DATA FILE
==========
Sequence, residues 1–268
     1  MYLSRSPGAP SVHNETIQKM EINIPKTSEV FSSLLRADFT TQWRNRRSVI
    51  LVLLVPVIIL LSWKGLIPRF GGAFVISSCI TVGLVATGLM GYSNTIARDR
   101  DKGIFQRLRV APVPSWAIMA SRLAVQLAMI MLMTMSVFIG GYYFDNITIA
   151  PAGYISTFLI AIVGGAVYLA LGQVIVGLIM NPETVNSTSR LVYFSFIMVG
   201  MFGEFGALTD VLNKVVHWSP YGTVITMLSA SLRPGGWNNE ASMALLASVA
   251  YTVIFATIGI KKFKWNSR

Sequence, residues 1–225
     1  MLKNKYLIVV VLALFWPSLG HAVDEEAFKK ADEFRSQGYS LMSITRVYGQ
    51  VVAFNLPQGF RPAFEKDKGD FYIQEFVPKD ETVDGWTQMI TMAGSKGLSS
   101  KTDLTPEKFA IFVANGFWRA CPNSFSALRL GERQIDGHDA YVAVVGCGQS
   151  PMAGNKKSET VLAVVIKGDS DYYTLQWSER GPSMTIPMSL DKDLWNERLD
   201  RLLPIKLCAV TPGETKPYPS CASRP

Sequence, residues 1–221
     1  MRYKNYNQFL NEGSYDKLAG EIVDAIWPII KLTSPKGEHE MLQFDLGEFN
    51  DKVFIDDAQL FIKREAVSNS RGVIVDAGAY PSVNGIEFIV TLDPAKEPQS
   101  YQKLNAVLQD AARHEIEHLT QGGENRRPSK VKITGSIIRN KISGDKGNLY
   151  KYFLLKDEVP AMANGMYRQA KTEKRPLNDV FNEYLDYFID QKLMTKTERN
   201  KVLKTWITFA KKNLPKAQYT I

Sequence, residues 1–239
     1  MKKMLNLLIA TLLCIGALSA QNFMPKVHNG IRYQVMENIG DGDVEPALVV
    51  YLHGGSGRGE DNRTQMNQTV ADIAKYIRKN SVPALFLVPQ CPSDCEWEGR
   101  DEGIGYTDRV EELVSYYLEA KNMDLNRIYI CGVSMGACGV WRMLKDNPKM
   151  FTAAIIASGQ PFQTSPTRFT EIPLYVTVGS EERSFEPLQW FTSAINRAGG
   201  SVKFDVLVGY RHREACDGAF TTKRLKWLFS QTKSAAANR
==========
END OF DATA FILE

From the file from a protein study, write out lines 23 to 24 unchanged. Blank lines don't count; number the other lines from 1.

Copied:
   101  DEGIGYTDRV EELVSYYLEA KNMDLNRIYI CGVSMGACGV WRMLKDNPKM
   151  FTAAIIASGQ PFQTSPTRFT EIPLYVTVGS EERSFEPLQW FTSAINRAGG